Heel bulb question
   

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Heel bulb question

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    06-23-2012, 01:06 AM
  #1
Started
Heel bulb question

I am wondering if it means anything if heel bulbs don't seem too 'bulbus'? Is that normal....are there different shapes? Snickers' heel bulbs seem to not have much shape, more flat.





.....sorry I didn't clean it out and the pictures may not be the best...I have a cast on my right hand and it has been challenging for me at the moment.
     
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    06-23-2012, 04:09 AM
  #2
Trained
From what can be seen in the pic, his heels are reasonably wide, not obviously contracted, but they are thrushy looking, with lots of 'dags' I'd remove. They don't look robust, well used. There is a lot of dead sole that's come out/ready to, so the horse is due for a trim & will likely have a fair bit to come off.
     
    06-23-2012, 12:30 PM
  #3
Started
Quote:
Originally Posted by loosie    
From what can be seen in the pic, his heels are reasonably wide, not obviously contracted, but they are thrushy looking, with lots of 'dags' I'd remove. They don't look robust, well used. There is a lot of dead sole that's come out/ready to, so the horse is due for a trim & will likely have a fair bit to come off.
hanks Loosie. I usually keep up with feet inbetween trims very well...however, I have pins in my finger with a cast on my right hand and can't do it for a few more weeks. It's driving me CRAZY! I was just questioning how flat her heel bulbs actually are. On my other horses they protrude out much more like two little golf balls. I just didn't know if that is just the way her foot is or not. Better pic maybe in a few weeks when I can do something with my hand again.
     
    06-23-2012, 09:25 PM
  #4
Trained
Quote:
Originally Posted by Oldhorselady    
questioning how flat her heel bulbs actually are. On my other horses they protrude out much more like two little golf balls.
Hmm, without pics, don't know if the other horse's heels are in good shape or not, but sounds like that one's may be more contracted from your description. Flattish *& robust* is good. I wouldn't really call that frog 'flat' tho.

I suggest reading... http://www.grayson-jockeyclub.org/ne...3000186_sm.pdf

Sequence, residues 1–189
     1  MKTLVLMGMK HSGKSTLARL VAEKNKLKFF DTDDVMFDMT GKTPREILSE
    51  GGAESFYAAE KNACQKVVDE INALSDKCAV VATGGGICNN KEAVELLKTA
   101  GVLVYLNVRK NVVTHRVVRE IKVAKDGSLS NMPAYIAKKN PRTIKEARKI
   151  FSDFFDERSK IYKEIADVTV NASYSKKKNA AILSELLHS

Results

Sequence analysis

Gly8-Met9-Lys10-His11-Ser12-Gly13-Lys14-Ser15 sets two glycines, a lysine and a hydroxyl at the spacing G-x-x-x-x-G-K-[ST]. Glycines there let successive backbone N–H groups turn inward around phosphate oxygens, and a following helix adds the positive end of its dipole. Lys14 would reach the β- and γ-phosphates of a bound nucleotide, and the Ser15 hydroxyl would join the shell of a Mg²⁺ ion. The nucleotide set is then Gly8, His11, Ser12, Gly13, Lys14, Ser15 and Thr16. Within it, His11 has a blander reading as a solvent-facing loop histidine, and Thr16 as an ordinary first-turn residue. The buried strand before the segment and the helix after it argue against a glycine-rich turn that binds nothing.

06-23-2012, 09:40 PM
  #5
Trained
If you push on the heels bulbs with your finger, are they gushy or does your finger bounce back? The more "bouncy" they are is healthier. Unhealthy heel bulbs can be built up in part by addressing thrush issues, walking the horse on hard surfaces about 15 minutes a day (assuming the frogs touch the ground) and using padded hoof boots a few hours each day also helps.
     
    06-24-2012, 12:57 AM
  #6
Started
The heel bulbs bounce back nice. Her frog does touch the ground. I will Continue with her walks......plenty of hard surfaces here. Thanks for the advice!
     
    06-24-2012, 04:27 AM
  #7
Trained
Quote:
Originally Posted by MyBoyPuck    
If you push on the heels bulbs with your finger, are they gushy or does your finger bounce back? The more "bouncy" they are is healthier.
'Gushy'?? I would hope that regardless of the health of the foot, heel bulbs would 'bounce back' when pushed on! The alternative would be alarming! I imagine it's just the way you put it Puck, so not intending to contradict, more to clarify...

The back of the foot(frog, digital cushion, lateral cartilages, heel bulbs) should be large, thick & firm enough not to yield much at all to strong thumb pressure. Eg. Put your fingers on the frog & thumb above the digital cushion( in the indent above heel bulbs) in front of the frog stay(where the central sulcus 'dent' is) and squeeze. Is it thick & firm, or does it yield easily & feels only an inch or so thick? Palpating the lateral cartilages should find them firm & thick too, not only a 1/4" & easily moveable.

Unfortunately IME the opposite is the common state of affairs and by the look of that foot, it may not be too bad, but betting it's not that strong, thick & full of fibrocartilage either. Therefore I'd be wanting to treat for thrush & then consider it may be necessary to protect/support the frog(& what's above) with pads before working the horse on hard ground. All very well saying they need use to grow strong, but if they're currently too weak to allow the horse *comfortable* use, he'll be 'tippy toeing' to avoid them.
     
    06-24-2012, 11:20 AM
  #8
Started
I will try and maybe get a better picture today with someone's help. She never shows any sign of lameness. For thrush I will start getting a hold on that for sure. Thanks again.
     
    06-25-2012, 01:23 AM
  #9
Started
Sorry....didn't mean to delete previous photos. So, here we go again....I did my best.










     
    06-25-2012, 01:35 AM
  #10
Trained
Not sure what you're wanting to show us with the new pix? Seeing them after a trim might help to tell you more.
     

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